(This seems like a long post, but it is about one of the most important experiences I’ve had in a classroom in a long while.)
As a part of a project in which students are writing poems to be included in a collected ebook, I had the opportunity this week to teach several groups of middle school students about copyright and open content. (I am often frustrated by teachers telling kids to “just get any image from Google to include in your Powerpoint/Word doc.”)
Facilitating this discussion with kids was tremendously enjoyable and thought-provoking. I am sure that I learned as much as they did (and I think they learned a lot).
Here are a few of my big take-aways:
1. Relevance leads to critical thinking and engaged learning. Copyright is a topic that is immediately relevant to kids — as a result, they were highly interested and had a ton of questions, comments, and thoughts. While they were engaged, I was able to insert other topics from math, writing, and reading. I think this is a key to improving learning (and it doesn’t flow naturally from a textbook or a pacing guide).
2. In general, kids want to be legal. They are, however, seriously uninformed. (When asked about what they knew about copyright, many confused it with plagiarism. They think this is a what-I-can-do-in-school issue rather than a legal issue.) They had many questions about what they needed to do to be legal.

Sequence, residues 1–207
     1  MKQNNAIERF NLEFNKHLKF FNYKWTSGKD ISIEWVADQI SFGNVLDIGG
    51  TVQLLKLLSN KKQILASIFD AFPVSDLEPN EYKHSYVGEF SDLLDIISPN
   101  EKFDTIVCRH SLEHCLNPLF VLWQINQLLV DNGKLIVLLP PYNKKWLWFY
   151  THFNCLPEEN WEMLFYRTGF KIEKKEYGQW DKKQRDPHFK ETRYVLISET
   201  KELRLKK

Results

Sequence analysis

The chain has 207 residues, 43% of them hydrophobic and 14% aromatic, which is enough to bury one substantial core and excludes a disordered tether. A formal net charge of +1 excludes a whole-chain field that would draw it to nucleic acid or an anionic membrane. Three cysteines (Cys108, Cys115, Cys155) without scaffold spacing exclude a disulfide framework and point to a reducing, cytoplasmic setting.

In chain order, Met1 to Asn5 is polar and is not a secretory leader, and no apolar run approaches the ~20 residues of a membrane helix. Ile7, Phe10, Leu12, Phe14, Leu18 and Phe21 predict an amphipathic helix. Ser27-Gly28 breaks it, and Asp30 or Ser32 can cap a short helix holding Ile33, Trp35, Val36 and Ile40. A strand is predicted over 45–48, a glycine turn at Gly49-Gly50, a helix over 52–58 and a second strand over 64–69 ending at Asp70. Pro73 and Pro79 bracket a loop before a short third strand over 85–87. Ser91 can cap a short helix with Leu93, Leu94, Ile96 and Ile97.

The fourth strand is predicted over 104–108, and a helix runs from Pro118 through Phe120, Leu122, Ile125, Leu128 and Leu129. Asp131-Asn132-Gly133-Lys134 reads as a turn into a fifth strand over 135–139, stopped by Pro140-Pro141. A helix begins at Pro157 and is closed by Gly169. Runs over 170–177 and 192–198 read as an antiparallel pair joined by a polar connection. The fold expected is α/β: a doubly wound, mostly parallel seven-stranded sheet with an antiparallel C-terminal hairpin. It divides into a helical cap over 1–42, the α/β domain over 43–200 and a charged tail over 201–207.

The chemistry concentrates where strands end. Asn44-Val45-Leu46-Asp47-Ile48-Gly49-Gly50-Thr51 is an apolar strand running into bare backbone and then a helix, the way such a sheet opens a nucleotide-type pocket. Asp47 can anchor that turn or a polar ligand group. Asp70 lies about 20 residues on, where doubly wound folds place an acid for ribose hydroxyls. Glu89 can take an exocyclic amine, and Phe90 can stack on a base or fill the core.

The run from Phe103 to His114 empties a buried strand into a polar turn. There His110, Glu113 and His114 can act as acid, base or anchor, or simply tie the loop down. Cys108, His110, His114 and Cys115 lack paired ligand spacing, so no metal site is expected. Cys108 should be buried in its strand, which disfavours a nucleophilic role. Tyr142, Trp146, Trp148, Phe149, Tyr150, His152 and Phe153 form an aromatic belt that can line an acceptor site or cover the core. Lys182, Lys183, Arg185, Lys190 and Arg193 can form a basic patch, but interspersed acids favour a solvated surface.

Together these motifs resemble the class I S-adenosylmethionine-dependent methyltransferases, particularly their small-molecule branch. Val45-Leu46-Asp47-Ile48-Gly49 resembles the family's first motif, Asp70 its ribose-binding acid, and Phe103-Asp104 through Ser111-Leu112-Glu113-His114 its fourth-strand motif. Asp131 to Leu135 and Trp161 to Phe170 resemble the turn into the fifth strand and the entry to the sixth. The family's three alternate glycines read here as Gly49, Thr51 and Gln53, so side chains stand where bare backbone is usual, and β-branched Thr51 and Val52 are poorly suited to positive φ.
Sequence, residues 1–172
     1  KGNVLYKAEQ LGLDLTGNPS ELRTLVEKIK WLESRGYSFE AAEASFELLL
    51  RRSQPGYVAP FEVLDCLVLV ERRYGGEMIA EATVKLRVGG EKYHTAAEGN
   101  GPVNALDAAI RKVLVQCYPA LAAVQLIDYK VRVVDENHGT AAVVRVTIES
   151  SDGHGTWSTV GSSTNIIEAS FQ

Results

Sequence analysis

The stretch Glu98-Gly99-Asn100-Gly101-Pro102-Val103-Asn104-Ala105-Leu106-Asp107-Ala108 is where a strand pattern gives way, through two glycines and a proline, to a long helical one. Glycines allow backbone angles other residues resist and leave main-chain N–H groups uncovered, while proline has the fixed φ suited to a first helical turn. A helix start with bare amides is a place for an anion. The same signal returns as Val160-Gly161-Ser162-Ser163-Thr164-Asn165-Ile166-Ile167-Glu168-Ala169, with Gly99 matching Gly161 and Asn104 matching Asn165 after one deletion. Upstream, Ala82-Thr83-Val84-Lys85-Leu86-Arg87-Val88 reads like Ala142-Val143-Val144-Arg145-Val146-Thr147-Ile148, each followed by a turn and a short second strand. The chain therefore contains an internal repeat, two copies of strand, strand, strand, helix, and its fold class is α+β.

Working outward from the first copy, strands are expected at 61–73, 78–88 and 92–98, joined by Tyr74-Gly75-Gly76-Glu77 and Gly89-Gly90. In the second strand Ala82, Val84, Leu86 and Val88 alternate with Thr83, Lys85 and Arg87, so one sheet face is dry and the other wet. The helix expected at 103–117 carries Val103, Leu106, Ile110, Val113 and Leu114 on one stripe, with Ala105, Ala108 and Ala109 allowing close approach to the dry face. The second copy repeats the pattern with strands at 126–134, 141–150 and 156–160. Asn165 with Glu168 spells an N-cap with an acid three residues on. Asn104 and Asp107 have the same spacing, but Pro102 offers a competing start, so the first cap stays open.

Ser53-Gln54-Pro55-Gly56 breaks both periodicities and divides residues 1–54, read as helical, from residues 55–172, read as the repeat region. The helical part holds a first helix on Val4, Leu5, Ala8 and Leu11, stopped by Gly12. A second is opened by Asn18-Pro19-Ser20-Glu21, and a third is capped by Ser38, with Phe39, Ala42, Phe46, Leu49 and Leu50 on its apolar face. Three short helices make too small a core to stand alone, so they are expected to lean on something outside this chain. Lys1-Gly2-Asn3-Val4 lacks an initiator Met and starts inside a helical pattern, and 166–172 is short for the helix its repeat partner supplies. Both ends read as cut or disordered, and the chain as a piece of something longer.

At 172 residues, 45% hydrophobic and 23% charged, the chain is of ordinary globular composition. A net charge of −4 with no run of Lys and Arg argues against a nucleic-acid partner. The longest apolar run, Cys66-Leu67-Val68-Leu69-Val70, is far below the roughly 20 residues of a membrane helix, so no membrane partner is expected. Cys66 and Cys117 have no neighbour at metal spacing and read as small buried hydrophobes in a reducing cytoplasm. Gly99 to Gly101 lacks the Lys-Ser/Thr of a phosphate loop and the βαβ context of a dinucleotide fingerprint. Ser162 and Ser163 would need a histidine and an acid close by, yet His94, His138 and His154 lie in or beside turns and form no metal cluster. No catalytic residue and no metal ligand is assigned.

3. The filesharing tools these kids use (almost universally) are Lime Wire and Photobucket. For those not in the know, Lime Wire is P2P file sharing software, apparently used by kids for exchanging music illegally (being used as the new Napster or Grokster). I believed most of the kids when they told me that they didn’t understand the legal issues involved with this. Their big concern with the service: viruses.
4. Most kids were not aware of the fundamental premise of Wikipedia: that anyone can edit it. This was shocking to me. When they understood this, they found it very empowering. (Together, we edited an article about their school district — something that you’d never find on Encarta or EB.) This led to a very sophisticated discussion about the pros and cons of an encyclopedia that anyone can edit. These kids got it a lot faster than most adults. We also talked about vandalism, wikispam, and version control.
5. Once the students understood the basics of copyright and open content, they quickly began discussing some pretty high level concepts about intellectual property. Unprovoked by me, they asked about financial issues, transference of copyright, IP address tracking, use of personal images (image release issues), paparazzi photos, parodies (as they relate to fair use), and lots more. It was phenomenal.
6. Kids are all over Firefox and view it as a better browser.
7. They were not familiar with the term “open source.” On the other hand, they expressed a universal contempt for Microsoft (to an extent that I found a little scary, but what a force for the OER community to harness).
9. They enjoyed finding open content that is legal to use in their projects. They were surprisingly adept at finding and understanding the licenses (CC, GFDL, public domain) and at including appropriate credits for the pieces used in their own work.
10. Kids who often appear bored and lacking in critical thinking and articulate communication skills suddenly seem like geniuses when they are discussing something that matters to them.
What fun! My mind is still reeling at all the epiphanies I had during these few days.
[For a lesson plan and accompanying resources for this, visit www.tinyurl.com/5qahht.]